America hated the first "bailout," according to pollsters. Until pollsters described it without using the term "bailout," which made Americans much more supportive of it. So Barack Obama's multi-billion dollar economy-saving expenditure plans were soon referred to as "stimulus packages," which connotes happy visions of Bush sending everyone checks for a few hundred bucks. But now that isn't good enough for whiny Americans either! So please enjoy your economic recovery program, everyone! Congressional Democrats are now banned from saying "stimulus," because it's a dumb Washington term no one likes, and because, as we all know, if they don't call it that it isn't that. Perception equals reality! (That was true of our entire financial system for many years, btw.) Rahm Emanuel seems to have sent the memo out, and people are still adjusting. Nancy Pelosi almost said stimulus the other day! But then she caught herself: "We're not using the word 'stimulus,'" Nancy said at a press conference. Of course, Democrats do have a legitimate excuse for giving their economic policies a new label: their economic policies are actually different!
Now that you're just rich instead of super-rich, you're gonna find out if your mistress really loves you. Will she stick around even if you can't keep her in the manner to which she is accustomed? The WSJ cited a new survey [of 191 people worth over $20 mil] in which "more than 80% of multimillionaires who had extra-marital lovers planned to cut back on their gifts and allowances... only 12% of the multimillionaire cheaters said they plan to give up on their lovers altogether for financial reasons." The survey also showed that rich ladies are less likely to cut back or drop their lovers than rich men, even when they're losing money. This is another example of What It Really Means In America As Told To Some Narrow Niche Of Society.
The art world is suffering from diminished expectations for the obvious reasons. At last night's Christie's auction, their much-vaunted Francis Bacon work "Study for Self-Portrait"—estimated to go for $40 mil—didn't sell. In fact, nobody even bid, the NYT reported. It was like an Ebay auction from hell! (Last May, a Bacon sold for a $86 mil.) Thank goodness for Metallica drummer Lars Ulrich and his precious Basquiat. His painting, Untitled (Boxer) sold for $13.5 million to a mysterious phone bidder. The New York Observer pointed out last week that Ulrich wanted to sell it for between $12 and $16 mil and didn't even ask for a guarantee; the painting was "bought in 1999 for just a couple million dollars." Oh, and Lehman CEO Dick Fuld didn't get as much as he wanted for the sale of his drawings collection. Tough luck—try Ebay.http://www.abcnews.go.com/Business/Economy/story?id=6242240&page=1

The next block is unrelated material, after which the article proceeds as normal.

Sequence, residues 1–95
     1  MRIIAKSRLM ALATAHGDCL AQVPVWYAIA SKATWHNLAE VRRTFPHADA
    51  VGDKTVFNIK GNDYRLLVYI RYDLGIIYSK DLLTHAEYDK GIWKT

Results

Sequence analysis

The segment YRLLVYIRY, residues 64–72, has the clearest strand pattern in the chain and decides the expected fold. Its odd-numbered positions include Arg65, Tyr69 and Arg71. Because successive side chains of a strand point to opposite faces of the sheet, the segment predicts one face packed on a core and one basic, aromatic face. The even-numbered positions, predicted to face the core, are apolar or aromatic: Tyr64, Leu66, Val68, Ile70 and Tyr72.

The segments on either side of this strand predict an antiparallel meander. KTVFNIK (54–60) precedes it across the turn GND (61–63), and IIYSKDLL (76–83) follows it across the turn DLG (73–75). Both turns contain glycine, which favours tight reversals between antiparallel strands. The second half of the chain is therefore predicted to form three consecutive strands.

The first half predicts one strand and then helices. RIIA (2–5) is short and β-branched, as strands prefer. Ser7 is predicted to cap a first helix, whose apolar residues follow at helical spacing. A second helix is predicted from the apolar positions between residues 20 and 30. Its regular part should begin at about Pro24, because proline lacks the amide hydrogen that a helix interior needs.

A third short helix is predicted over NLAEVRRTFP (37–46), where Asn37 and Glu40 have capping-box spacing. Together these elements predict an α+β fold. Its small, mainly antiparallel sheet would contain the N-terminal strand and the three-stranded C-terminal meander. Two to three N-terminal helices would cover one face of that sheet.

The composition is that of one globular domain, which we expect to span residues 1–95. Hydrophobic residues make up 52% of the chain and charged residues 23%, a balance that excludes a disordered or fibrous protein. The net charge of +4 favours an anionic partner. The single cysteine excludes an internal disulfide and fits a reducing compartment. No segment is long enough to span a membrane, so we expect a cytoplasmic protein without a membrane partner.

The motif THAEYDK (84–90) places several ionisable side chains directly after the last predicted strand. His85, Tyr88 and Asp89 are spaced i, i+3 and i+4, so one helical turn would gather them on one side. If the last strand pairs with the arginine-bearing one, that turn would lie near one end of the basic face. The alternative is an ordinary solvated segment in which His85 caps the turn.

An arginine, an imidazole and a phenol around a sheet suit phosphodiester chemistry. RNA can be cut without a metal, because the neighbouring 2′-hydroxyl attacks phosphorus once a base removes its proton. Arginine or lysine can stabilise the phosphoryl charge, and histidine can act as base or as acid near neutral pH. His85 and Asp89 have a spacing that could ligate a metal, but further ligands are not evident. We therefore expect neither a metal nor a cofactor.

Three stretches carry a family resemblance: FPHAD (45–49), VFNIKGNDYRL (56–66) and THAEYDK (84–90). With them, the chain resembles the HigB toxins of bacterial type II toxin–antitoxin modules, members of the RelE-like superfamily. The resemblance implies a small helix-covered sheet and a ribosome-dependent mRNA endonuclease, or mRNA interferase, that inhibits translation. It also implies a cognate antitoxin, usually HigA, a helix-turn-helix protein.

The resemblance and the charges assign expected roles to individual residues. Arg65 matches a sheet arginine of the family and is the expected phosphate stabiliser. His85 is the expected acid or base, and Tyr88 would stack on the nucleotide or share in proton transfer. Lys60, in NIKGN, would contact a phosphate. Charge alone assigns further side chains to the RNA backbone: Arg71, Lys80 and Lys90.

Oy, chto budet! Sad young literary novelist Keith "Konstya" Gessen, self-exiled to his motherland of Russia, usually confines his rantings to n+1, little-read novels that we make fun of, and his Tumblr. But today, he wrote a Diary column about how the financial crisis is affecting Russia for the London Review of Books. And guess what—we can't even tease him for being pompous and self-important, as is the custom, because we know nothing about how the financial crisis affects Russia. So! We'll publish an excerpt, snark-free, because although we might have an understanding of advanced capitalism as it relates to blog networks or diminished tipping at strip clubs and dive bars, we have no idea about the ruble. Keith, consider this your lucky day.
Ever get so desperate that you'll visit a psychic or voodoo lady to divine a money ritual? (There was once an unfortunate incident with a santeria priest in Brooklyn that we won't get into here....) It's not just for working-stiff Take Five players and superstitious viejas anymore. Professionals are obviously freaking about market turmoil, and many are visiting hypnotists, says the WSJ. Previously, the Journal (reported by Mary Pilon, our former pie-charting Intern Mary) said: "Yesterday I spoke with a stockbroker who has been running six miles a day. Another is popping aspirin. Some are slinking to happy hour after closing bell." So here's one market that's experiencing a recession boon: hypnotists, psychics, and other snake-oil salesmen:
Sometimes, don't you wish you didn't have to get out of bed every morning, and could just wander the city all day, window shopping and drinking at whatever goddamned hour you choose? Time Out has a roundup about where recently laid-off media and finance proles go to drink, and they featured our former writer, the totally unjustly fired Moe. Look how happy and healthy she looks in the photo, due not to some South Beach vacation but from being away from the cancerous glow of her computer screen and the repetitive-stress injuries of typeblogging. It's almost enough to make us want to get fired.As Moe tells Time Out about her dream job: